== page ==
Progressive Views: Diversity is a Strength

By Kevin Henning
For the “Progressive Views” column, Boerne Star,
April 14
, 2024

Image by Fauxels is licensed under CC-BY-NC-ND 2.0

Attacking diversity, equity, and inclusion (DEI) is all the rage for politicians and organizations that hope to foment hatred and bigotry. This further promotes political polarization, dysfunction, and distrust which are gigantic problems that must be solved if we are to remain a democracy.  DEI simply levels the playing field, so qualified people from less-than-optimum backgrounds have a fair chance to succeed. Helping those that have and are suffering discrimination is a strength, not a weakness. Diversity, equity, and inclusion programs help create a fairer environment to provide opportunities for individuals who need help. Getting rid of DEI offices, ending anti-bias training, and stopping public statements of caring for the less fortunate are designed to dismantle systems that support broad based fairness and progress. The American Civil Liberties Union (ACLU) believes these efforts “represent yet another attempt to re-whitewash America’s history of racial subjugation, and to reverse efforts to pursue racial justice—or any progress at all.”

Here in Texas, Senate Bill 17 banned DEI starting this year. It has been called one of the worst bans in the nation. It prohibits programs that help minorities and others who have suffered discrimination for many years both by government and by individuals. The bill would remove funding from state institutions of higher learning that do not completely eliminate DEI programs and prohibits other actions that support resources for students of color and various ethnic groups. State schools are scrambling to comply and no doubt will, given that their funding is a stake.

With Alabama’s ban, a teacher’s ability to teach about the historical dangers of racism or antisemitism would be hamstrung. A faculty member could be punished for having students read some of the founding fathers’ racist ideas to understand and critique them, or for having them read about Nazi leaders’ anti-Semitic writings. The politicians opposing DEI are waging another culture war rooted in fear and false grievance. They believe they can get more power by sowing discord among people who feel threatened by the increasing demographic diversity and who lack exposure to individuals from diverse backgrounds. We cannot let a loud fringe movement promote misogyny, racism, antisemitism, and hatred of the LGTBQ community.

My own experiences span a 45 year career working for a major petroleum company and later as a business owner. When I joined the oil industry in 1970, it was dominated by white males and was very resistant to change. The DEI movement, which began in the 1960s as part of civil rights expansion, provided an excellent vehicle to help my company become more diverse and inclusive. I witnessed the benefits first-hand and was proud to help my company hire its first female and black engineers. This would not have been possible without DEI programs at many technical universities and within my company. Inclusion of these groups brought talent, creativity, and fresh viewpoints to a stodgy industry.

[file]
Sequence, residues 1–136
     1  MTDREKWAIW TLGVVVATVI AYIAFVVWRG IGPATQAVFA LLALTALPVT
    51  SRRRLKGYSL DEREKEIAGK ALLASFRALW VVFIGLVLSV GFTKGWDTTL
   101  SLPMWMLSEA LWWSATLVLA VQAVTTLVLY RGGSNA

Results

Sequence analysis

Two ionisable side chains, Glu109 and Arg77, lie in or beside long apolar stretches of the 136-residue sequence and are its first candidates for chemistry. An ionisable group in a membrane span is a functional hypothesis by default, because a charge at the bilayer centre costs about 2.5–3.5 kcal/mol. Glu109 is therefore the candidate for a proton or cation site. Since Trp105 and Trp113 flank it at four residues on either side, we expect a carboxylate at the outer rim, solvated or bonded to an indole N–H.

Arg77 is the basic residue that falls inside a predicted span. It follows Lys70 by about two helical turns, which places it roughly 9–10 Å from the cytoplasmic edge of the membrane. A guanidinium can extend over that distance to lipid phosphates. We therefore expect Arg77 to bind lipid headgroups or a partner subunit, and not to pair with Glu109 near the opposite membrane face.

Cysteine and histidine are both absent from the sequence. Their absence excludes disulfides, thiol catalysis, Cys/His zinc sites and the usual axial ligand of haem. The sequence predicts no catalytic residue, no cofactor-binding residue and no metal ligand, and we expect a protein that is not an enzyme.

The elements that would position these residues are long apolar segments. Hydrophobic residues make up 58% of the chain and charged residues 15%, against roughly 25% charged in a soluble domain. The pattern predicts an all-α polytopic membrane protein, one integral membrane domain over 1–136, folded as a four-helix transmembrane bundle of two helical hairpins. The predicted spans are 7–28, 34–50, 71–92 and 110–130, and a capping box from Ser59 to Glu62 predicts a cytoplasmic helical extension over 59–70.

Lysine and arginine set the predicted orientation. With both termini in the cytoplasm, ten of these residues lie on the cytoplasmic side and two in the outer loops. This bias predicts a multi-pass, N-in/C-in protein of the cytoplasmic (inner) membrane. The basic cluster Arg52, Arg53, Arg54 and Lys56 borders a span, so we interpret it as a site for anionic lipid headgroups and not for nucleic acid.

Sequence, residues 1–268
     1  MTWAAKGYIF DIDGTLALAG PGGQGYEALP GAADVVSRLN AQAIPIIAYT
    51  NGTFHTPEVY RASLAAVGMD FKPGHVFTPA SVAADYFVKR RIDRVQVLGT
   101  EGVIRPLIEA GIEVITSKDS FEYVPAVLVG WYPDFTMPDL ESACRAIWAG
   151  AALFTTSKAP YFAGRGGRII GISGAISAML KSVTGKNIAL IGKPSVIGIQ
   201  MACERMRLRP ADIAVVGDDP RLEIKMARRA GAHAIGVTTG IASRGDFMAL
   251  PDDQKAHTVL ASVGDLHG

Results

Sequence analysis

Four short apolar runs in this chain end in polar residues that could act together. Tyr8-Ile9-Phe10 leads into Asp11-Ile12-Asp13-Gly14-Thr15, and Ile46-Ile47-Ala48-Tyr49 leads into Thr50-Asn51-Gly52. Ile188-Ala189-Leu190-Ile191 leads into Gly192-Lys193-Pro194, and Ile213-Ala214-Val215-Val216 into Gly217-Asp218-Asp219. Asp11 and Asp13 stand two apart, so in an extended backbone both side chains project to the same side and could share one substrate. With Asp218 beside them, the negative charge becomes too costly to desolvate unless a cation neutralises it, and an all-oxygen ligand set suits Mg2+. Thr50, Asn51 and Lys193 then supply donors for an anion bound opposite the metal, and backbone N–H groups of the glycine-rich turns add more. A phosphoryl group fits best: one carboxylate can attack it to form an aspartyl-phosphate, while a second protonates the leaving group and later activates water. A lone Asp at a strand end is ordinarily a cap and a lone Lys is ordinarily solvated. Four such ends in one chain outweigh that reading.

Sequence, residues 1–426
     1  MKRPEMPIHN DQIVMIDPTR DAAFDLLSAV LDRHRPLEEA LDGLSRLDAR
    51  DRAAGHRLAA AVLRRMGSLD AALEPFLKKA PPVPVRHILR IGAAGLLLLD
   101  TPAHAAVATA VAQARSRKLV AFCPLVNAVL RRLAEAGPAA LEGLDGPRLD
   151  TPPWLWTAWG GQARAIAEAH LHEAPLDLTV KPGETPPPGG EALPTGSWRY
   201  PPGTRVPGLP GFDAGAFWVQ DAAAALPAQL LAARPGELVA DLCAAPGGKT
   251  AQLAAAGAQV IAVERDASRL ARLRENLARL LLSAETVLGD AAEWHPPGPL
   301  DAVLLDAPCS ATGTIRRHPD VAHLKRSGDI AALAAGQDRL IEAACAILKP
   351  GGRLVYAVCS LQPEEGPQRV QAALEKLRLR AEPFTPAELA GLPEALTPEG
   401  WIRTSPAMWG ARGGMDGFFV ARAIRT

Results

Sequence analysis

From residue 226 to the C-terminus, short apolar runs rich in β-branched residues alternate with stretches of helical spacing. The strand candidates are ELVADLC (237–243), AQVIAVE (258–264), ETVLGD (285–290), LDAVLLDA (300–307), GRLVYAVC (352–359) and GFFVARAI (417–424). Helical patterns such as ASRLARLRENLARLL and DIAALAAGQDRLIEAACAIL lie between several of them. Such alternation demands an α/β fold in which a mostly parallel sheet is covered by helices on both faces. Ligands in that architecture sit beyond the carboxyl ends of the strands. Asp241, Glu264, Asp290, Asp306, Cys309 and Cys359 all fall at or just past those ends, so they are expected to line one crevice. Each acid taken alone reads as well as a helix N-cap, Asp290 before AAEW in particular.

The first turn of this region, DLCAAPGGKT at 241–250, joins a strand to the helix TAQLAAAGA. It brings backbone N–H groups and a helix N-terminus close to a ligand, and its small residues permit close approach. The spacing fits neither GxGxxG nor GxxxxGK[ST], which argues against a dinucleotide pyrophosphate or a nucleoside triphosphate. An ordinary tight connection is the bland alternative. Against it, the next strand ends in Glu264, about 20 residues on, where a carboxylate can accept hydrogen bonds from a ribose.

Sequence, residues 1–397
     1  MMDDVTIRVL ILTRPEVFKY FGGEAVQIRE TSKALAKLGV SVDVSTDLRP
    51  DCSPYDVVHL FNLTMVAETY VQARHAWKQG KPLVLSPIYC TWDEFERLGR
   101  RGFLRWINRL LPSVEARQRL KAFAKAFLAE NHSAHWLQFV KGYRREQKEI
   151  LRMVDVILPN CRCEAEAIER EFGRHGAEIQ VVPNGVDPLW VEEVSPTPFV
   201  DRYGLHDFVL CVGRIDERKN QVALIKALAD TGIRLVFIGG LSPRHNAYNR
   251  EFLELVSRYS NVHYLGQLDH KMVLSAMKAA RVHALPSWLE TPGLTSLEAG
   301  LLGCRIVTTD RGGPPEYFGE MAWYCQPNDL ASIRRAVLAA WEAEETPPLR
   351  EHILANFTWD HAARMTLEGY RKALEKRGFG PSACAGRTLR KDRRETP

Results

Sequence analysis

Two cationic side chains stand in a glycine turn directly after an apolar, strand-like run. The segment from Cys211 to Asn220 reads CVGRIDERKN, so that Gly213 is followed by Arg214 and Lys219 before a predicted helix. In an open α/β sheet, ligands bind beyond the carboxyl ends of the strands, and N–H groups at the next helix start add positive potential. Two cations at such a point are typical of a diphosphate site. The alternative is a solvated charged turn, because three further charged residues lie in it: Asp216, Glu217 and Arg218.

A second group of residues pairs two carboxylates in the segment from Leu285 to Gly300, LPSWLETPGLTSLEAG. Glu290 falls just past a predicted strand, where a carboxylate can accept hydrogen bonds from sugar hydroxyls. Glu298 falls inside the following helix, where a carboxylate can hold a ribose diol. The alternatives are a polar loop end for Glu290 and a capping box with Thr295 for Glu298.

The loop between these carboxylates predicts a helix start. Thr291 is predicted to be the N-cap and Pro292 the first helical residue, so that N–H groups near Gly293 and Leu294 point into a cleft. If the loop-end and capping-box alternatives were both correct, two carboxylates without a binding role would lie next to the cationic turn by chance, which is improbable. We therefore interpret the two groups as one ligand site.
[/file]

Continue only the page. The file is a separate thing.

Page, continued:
It is sad that so many extremists are attacking the cornerstone programs of civil rights and justice, including affirmative action, scholarship initiatives, employee resource groups, inclusive leadership programs, cultural awareness education, literature by diverse authors, non-Christian faiths, and corporations and their leaders committed to diversity and inclusion. The fear generated by these attacks threatens to unravel the very fabric that has made America the diverse and vibrant nation it is today. We must remain vigilant and continue to champion the cause of DEI. It is essential to preserving the values and ideals that define our great nation.

A majority of Americans are fed up with dysfunctional politics and the hatred it spawns. Attacking DEI is just another effort to divide the country. The essential elements for a democracy to function are civility and truth but we must also care about those less fortunate. I was so lucky to be part of a middle-class family, to get a great public school education, and go on to college to learn a skill that was in demand. Let’s not stop helping those that by the happenstance of their birth were not so fortunate.

For more information on the activities of the Kendall County Democratic Party, call our office at 830-331-1243 or visit

Kevin Henning is a local Democrat.

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